There is no novelty to these issues. Its business. Buy any AMD X4 965+ and OC to 4Ghz.... thats the Novelty part.

    Having ALL your best products - even those costing almost $300 that is slower than the competitions $200 lower-end CPUs is not fun.

    I have a #2 desktop that is rendering videos daily (converting my OLD VHS) - and I'll need to upgrade its mobo/CPU to speed up the process. A NEW CPU will speed things up at lest 4-6x. (Its an OLD AMD X2).

    The Intel's use less power, there is that odd-ball combination that allows the GPU of the intel be used to help render video faster.

    So yeah, when looking at a $150~200 CPU, its performance that counts - not MHz.

    Still, for most people - any $75~100 CPU will DO just fine. Including gaming.
  • GullLars - Wednesday, May 04, 2011 - link

    With a $20-30 aftermarket cooler, you can hit 4GHz while undervolting a x50+ Phenom II. I haven't tried Athlon II's, but i'll be upgrading my father's Athlon X2 7550 to an Athlon II x4 645 and donate my old 1066 CL5 DDR2 sticks to it, so i guess i'll try hitting 4GHz on that too just for fun with a Cooler Master Hyper 212 Plus.
    My 1090T runs F@H smoothly at 4GHz with stock volt (Noctua NH-D14 cooler).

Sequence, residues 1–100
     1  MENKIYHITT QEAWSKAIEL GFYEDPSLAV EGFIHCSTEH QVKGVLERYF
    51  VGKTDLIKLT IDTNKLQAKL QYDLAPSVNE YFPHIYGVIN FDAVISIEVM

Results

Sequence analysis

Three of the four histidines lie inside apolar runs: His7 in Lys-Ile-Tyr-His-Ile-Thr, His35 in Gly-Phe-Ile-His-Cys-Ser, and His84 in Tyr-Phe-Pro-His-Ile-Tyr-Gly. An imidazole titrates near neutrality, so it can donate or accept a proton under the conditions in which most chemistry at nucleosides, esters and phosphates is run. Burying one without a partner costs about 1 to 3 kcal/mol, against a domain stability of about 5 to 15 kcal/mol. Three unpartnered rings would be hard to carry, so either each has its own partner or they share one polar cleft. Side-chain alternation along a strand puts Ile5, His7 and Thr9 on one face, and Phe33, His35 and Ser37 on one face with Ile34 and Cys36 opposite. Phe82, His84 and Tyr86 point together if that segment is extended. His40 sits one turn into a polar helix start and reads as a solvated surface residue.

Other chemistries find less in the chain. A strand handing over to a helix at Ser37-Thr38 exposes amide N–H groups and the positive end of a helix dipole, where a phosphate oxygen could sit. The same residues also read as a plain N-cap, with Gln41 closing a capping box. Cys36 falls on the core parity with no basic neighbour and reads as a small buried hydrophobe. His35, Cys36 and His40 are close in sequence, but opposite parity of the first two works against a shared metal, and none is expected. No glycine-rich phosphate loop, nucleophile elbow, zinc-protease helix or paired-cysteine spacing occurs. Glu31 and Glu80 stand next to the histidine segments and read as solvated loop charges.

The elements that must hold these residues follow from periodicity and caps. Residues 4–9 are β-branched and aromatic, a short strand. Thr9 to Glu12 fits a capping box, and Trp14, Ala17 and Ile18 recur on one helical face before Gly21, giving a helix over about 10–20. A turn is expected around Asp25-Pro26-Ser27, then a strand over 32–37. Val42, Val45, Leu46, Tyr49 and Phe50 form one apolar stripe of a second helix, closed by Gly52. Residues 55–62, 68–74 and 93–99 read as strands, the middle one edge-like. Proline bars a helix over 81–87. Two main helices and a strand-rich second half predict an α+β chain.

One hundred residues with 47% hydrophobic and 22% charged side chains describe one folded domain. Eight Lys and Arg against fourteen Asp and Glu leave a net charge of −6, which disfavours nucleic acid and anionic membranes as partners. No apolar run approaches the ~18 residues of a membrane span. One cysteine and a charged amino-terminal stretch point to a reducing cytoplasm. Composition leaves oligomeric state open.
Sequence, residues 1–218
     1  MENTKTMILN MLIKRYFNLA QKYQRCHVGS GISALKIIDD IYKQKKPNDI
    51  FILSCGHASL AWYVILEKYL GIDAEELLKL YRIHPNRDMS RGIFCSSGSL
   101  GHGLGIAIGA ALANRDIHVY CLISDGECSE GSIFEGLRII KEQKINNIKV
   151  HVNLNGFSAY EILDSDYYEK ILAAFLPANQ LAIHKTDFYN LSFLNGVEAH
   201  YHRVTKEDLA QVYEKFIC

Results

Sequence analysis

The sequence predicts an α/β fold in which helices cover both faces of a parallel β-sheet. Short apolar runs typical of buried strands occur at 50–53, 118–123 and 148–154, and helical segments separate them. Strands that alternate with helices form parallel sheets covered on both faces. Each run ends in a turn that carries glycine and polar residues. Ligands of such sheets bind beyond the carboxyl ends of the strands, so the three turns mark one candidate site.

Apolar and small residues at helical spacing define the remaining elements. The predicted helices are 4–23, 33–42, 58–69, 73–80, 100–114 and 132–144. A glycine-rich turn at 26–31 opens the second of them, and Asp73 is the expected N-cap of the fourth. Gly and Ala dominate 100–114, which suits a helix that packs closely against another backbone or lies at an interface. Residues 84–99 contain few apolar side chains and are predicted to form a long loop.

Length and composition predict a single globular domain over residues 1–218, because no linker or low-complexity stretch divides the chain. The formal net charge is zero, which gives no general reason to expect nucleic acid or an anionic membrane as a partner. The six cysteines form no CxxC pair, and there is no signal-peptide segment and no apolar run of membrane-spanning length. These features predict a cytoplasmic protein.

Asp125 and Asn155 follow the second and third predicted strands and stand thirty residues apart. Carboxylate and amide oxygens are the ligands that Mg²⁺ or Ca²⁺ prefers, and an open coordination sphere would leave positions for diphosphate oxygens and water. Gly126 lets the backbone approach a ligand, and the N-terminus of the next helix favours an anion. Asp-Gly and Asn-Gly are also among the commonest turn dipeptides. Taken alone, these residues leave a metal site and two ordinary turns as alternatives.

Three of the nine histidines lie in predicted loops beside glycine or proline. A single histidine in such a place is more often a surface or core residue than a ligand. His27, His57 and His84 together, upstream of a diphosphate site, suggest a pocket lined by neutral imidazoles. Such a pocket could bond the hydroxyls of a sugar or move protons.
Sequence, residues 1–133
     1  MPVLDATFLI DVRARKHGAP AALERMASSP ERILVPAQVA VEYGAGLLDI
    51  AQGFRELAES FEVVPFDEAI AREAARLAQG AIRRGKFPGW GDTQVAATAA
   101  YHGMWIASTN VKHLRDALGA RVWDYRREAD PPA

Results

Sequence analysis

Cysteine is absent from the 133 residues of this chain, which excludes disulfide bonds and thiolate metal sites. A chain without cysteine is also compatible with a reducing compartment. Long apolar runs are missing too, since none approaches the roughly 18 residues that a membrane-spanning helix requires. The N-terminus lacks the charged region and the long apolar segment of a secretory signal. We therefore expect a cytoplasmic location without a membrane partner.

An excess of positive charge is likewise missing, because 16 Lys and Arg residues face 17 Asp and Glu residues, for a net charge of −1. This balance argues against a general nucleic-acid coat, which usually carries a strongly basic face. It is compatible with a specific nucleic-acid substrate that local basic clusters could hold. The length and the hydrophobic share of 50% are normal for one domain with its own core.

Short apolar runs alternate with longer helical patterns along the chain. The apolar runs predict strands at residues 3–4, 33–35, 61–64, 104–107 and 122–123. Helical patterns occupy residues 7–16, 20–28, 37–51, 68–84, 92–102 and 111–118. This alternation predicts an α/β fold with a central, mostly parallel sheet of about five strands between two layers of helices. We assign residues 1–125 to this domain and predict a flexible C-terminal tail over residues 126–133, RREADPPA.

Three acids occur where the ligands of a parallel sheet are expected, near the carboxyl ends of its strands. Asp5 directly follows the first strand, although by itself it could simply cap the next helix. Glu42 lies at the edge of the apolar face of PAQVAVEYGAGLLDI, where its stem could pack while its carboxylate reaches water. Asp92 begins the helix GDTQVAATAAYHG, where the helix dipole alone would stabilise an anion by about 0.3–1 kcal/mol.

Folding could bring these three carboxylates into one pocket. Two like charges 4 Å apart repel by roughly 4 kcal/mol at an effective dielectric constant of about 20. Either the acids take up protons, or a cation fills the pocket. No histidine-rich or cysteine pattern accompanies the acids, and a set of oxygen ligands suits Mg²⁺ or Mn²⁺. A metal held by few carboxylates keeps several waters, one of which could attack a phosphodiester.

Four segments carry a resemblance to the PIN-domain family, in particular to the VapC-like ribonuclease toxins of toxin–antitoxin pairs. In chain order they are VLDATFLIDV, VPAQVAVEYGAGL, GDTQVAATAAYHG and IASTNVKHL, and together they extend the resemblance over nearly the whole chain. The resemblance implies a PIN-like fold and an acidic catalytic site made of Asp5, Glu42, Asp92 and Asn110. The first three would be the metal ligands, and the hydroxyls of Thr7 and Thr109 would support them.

• JonnyDough - Thursday, May 05, 2011 - link

    I agree.

    Considering that the AMD Phenom II X6 1100T is only $54 more and beats the new chip in most benchmarks while using less power under load (using max turbo @ 3.7, same clocks as the new 980 BE) I'd say that this new 4 core is a poor value comparatively.
  • JumpingJack - Sunday, September 21, 2014 - link

    Hindsight is 20/20, it didn't work out quite as people wanted.... Reply
  • StrangerGuy - Tuesday, May 03, 2011 - link

    I'm sure the PhII is already stuck at 3.8GHz at reasonable voltages and has been this way for a long time.

    I wonder how AMD feels when the mobile i7-2820QM is just as fast as their 4.2GHz OCed Phenom II X4. Bulldozer single-threaded performance and power consumption has to be at least the same as Nehalem to stand a fighting chance.
  • khimera2000 - Tuesday, May 03, 2011 - link

    probably the same way Intel feels about AMD's video cards. Reply
  • Belard - Tuesday, May 03, 2011 - link

    You ARE kidding, right?!

    You can already OC to 4Ghz. And it will STILL be slower than i5-2400 ($190) which runs at 3.1Ghz.

    Clock Speed doesn't mean then end-all. Remember the says of AMD64 vs P4? Even at 3~4Ghz, the $1000 P4 Extreme Editions were still SLOWER than AMD's 2.0~2.4Ghz $200~300 CPUs.

    The performance wouldn't be so much an issue *IF* that i5-2400 was selling for $400, but its not. Its selling at the same price with a actual performance benefits.

    The i3-2100 (I hate these stupid intel model numbers) = $125 and puts it on par with the AMD-PII 955 ($140) - which is an upper end AMD part... going against an intel bottom end Core X CPU.

    Bulldozer needs to be OUT NOW. AMD makes great products, but they are late to the party.